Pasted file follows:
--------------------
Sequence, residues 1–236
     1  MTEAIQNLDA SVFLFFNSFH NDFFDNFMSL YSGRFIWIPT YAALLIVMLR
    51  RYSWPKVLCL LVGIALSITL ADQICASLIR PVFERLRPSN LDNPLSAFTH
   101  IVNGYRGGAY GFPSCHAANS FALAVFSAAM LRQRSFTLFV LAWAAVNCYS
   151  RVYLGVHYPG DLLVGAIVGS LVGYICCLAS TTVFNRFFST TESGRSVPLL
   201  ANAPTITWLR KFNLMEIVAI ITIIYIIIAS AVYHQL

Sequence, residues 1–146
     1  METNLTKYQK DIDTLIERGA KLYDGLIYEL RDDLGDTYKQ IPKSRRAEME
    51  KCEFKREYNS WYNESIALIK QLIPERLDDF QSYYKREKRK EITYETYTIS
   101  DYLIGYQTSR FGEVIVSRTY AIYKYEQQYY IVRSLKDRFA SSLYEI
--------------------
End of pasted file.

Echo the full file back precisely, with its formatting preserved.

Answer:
Sequence, residues 1–236
     1  MTEAIQNLDA SVFLFFNSFH NDFFDNFMSL YSGRFIWIPT YAALLIVMLR
    51  RYSWPKVLCL LVGIALSITL ADQICASLIR PVFERLRPSN LDNPLSAFTH
   101  IVNGYRGGAY GFPSCHAANS FALAVFSAAM LRQRSFTLFV LAWAAVNCYS
   151  RVYLGVHYPG DLLVGAIVGS LVGYICCLAS TTVFNRFFST TESGRSVPLL
   201  ANAPTITWLR KFNLMEIVAI ITIIYIIIAS AVYHQL

Sequence, residues 1–146
     1  METNLTKYQK DIDTLIERGA KLYDGLIYEL RDDLGDTYKQ IPKSRRAEME
    51  KCEFKREYNS WYNESIALIK QLIPERLDDF QSYYKREKRK EITYETYTIS
   101  DYLIGYQTSR FGEVIVSRTY AIYKYEQQYY IVRSLKDRFA SSLYEI